Reus 1838 - Rome 1874


Although born and trained in Spain, Mariano Fortuny spent most of his relatively brief career in Italy, and indeed is often defined as an Italian artist as much as a Spaniard. Orphaned as a young child, he was raised by his grandfather. Fortuny studied painting in Barcelona before travelling to Rome at the age of twenty, having won a pension from the Catalan city. Following visits to Morocco in 1860 and 1862 he began painting Orientalist subjects. Fascinated by the Arab world, he travelled extensively in southern Spain and the Maghreb, collecting Persian carpets, Hispano-Moresque pottery, Islamic metalwork, arms and armour, fabrics and textiles. Apart from Orientalist works, he painted historical genre subjects and scenes of 18th century courtly life – a style which proved so commercially popular that it became widely known as ‘Fortunismo’ – as well as landscapes. He was also a gifted watercolourist, draughtsman and etcher.

Fortuny lived and worked mainly in Rome, although he spent some time in Paris, where his paintings were sold for huge prices by the art dealer Adolphe Goupil, and also lived for two years in Granada. It was in Rome that Fortuny died suddenly, possibly of malaria, in November 1874, at the age of just thirty-six. The largest single collection of works by this Catalan artist, amounting to twenty-five paintings, fifty-two watercolours, sixty prints and 1,678 drawings, is in the Museu Nacional d’Art de Catalunya in Barcelona.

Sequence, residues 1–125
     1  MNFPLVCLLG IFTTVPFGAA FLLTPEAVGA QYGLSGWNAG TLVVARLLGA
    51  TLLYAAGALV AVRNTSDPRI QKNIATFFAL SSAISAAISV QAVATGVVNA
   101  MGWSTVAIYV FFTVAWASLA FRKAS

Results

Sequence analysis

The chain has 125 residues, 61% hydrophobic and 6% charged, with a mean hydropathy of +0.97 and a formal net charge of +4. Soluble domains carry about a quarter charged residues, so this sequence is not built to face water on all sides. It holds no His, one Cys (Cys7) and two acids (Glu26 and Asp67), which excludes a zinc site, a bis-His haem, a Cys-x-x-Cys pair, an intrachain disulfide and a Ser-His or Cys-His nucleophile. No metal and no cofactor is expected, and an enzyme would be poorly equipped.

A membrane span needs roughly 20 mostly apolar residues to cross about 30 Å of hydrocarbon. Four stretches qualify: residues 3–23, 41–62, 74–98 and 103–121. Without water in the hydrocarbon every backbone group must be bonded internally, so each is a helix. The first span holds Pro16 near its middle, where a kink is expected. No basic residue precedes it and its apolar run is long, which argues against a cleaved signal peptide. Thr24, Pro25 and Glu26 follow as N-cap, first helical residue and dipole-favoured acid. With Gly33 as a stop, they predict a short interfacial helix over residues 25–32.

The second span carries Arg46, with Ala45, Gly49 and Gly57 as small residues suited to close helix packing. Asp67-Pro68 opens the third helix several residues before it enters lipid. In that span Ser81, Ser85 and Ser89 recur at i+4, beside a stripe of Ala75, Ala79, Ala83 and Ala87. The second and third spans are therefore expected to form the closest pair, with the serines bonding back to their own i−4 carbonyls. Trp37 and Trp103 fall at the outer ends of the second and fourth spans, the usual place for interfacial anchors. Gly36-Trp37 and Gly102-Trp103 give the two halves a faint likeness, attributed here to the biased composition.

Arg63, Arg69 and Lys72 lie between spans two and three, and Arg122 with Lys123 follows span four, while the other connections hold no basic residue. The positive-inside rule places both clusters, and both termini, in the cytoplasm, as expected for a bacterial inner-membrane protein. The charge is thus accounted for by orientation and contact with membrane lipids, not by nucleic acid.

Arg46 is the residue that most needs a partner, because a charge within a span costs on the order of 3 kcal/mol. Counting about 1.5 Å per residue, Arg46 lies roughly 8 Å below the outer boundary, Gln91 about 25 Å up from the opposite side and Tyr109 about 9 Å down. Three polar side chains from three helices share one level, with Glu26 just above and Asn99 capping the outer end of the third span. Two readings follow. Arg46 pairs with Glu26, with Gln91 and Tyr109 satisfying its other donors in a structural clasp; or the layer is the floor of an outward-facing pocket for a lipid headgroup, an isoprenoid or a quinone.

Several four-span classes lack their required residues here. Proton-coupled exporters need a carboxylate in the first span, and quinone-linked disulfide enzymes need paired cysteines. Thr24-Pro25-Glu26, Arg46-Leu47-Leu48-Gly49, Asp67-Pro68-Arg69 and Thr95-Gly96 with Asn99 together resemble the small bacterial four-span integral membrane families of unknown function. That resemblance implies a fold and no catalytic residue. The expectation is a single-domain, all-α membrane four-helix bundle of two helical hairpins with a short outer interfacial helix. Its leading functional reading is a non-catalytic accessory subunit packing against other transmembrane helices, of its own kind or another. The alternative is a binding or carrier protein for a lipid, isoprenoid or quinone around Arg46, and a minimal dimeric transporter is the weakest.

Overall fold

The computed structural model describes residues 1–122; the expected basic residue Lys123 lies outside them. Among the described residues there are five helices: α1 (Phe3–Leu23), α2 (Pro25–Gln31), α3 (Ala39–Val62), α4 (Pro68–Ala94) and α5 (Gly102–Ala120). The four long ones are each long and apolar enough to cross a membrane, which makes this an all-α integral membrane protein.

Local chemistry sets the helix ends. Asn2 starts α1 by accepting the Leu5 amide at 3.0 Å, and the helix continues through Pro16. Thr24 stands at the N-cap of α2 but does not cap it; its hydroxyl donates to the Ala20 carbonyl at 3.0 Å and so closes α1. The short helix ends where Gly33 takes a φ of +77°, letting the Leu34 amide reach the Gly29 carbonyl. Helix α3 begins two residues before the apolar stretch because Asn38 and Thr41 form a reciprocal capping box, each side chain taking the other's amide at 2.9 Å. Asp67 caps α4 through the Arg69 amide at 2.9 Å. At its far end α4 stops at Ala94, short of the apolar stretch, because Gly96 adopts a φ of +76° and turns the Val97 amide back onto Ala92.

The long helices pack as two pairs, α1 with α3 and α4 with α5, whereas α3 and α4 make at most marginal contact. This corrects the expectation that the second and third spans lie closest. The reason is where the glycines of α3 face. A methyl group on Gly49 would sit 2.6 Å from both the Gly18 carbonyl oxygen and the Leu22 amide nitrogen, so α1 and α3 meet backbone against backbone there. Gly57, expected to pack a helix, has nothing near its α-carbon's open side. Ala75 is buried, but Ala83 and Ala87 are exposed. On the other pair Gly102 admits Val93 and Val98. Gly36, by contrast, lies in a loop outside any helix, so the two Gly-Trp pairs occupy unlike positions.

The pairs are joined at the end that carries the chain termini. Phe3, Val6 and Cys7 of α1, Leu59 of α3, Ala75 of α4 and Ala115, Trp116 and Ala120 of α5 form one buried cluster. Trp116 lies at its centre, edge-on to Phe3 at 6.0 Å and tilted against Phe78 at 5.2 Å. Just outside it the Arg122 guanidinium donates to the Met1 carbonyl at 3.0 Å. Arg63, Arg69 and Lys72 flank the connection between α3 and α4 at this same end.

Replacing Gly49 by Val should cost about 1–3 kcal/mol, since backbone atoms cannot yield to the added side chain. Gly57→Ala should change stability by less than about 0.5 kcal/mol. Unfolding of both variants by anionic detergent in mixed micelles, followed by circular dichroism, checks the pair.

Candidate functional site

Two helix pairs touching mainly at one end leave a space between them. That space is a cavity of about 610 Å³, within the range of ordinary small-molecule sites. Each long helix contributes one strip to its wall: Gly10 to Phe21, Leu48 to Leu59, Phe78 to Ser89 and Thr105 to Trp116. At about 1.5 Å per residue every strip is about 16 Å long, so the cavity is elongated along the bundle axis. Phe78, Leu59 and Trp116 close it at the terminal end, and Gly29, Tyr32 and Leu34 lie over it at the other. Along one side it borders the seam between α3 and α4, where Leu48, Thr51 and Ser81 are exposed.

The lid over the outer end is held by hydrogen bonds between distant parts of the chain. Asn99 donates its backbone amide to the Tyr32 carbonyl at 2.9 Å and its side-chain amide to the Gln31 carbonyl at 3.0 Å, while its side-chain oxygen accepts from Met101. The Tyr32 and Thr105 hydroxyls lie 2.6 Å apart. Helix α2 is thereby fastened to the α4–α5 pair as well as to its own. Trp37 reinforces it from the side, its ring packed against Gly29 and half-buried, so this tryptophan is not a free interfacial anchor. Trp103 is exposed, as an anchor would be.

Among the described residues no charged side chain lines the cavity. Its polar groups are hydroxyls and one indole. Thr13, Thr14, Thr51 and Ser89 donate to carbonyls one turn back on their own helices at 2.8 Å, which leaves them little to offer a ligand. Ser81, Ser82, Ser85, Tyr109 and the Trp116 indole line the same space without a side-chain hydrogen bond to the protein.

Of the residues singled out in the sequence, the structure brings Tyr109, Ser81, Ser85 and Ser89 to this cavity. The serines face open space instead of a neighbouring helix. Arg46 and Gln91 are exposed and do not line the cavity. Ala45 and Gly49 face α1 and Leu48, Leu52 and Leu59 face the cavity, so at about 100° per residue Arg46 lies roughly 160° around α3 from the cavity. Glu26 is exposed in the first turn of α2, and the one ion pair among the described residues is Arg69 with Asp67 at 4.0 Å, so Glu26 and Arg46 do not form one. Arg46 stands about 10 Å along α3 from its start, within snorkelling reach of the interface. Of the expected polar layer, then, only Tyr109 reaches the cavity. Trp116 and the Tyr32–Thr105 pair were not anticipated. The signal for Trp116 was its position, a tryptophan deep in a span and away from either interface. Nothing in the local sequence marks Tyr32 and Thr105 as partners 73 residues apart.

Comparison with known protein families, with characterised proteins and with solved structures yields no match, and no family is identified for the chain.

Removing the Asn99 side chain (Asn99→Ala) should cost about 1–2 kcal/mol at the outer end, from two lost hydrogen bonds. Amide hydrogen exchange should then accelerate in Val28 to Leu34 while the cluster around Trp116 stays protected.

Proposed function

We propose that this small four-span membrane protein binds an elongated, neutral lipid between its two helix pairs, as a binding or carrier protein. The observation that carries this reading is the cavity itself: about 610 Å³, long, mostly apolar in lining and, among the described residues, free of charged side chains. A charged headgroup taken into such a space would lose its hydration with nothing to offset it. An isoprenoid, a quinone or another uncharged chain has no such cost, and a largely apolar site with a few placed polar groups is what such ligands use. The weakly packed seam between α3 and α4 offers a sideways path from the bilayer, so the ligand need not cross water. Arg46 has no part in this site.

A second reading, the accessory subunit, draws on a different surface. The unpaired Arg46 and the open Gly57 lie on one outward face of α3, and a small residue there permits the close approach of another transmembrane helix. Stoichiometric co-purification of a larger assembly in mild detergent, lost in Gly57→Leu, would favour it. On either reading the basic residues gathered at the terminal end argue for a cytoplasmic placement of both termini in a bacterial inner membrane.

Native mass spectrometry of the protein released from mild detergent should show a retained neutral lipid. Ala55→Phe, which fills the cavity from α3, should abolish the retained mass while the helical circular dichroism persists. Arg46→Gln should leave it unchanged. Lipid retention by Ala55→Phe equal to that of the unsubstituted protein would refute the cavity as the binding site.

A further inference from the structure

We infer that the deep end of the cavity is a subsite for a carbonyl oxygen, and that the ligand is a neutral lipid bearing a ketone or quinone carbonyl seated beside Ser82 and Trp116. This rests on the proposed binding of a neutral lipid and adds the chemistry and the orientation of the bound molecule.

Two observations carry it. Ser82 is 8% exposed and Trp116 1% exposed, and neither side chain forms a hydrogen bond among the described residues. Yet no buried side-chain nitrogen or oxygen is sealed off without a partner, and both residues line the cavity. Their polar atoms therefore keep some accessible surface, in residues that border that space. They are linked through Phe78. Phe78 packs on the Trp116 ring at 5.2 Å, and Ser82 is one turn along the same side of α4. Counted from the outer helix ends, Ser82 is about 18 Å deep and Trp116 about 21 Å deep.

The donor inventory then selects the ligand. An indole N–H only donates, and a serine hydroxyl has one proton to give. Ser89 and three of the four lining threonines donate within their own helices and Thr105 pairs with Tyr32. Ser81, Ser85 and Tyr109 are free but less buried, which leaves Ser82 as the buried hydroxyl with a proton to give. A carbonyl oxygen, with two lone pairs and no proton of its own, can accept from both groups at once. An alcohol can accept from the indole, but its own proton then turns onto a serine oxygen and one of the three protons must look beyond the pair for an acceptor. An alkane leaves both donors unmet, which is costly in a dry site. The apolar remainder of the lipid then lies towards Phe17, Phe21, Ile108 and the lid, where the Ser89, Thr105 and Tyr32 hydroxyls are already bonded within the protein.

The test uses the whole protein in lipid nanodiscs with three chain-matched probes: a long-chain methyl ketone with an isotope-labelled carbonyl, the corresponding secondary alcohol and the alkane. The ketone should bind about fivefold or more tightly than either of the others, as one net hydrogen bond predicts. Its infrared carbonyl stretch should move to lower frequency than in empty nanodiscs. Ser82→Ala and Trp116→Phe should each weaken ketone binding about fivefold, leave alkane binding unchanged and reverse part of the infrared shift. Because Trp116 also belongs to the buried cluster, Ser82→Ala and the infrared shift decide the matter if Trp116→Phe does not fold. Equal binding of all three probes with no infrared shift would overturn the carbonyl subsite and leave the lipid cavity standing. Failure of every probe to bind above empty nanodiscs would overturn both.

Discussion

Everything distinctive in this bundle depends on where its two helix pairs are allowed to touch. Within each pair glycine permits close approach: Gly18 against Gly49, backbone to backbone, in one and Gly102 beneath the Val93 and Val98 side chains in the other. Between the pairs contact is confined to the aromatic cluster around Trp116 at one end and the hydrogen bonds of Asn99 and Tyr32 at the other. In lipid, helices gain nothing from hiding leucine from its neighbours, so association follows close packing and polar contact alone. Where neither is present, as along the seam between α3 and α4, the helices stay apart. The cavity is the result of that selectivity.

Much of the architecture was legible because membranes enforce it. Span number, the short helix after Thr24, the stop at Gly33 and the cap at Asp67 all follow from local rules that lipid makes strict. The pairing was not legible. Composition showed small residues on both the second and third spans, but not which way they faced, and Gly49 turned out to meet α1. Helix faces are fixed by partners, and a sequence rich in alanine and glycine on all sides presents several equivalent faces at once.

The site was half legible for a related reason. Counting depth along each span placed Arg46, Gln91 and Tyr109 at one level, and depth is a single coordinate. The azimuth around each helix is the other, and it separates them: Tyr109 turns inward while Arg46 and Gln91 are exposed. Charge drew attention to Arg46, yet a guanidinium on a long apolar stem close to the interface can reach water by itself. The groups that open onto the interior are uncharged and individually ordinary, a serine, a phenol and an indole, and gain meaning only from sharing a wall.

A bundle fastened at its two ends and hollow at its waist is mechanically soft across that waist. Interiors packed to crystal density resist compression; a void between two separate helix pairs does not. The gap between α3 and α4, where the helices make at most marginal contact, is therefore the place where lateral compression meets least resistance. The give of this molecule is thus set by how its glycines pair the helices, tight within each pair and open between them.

Much admired for their rich colour and bravura brushwork, Fortuny’s paintings and watercolours were to be highly influential on the later generation of French and Italian painters of Orientalist subjects. As the French painter Henri Regnault said of Fortuny: ‘He is master to us all. If you could only see the two or three pictures he’s completing at the moment and the watercolours that he’s done recently. It makes me feel disgusted with my own…oh Fortuny, you give me sleepless nights!’ Fortuny’s skill as a watercolourist was noted from early in his career, and, as his wife’s uncle Pedro de Madrazo was later to recall, the artist used the medium of watercolour in a manner that was ‘totally unusual and free, energetic, at odds with all convention and routine.’ His watercolours were admired by many of his contemporaries, including Regnault and the critic Théophile Gautier, and were avidly acquired by collectors. As the artist himself wrote in 1866 to his friend Tomàs Moragas, ‘Goupil, the richest dealer in Paris, has ordered 4,000 dr. [duros] worth of small paintings from me, he’s buying all he watercolours I can do at 20 dr. [duros] a throw.’ Fortuny is said to have worked on his watercolours every evening, after painting in his studio during the day, and would often present them as gifts to friends and relatives.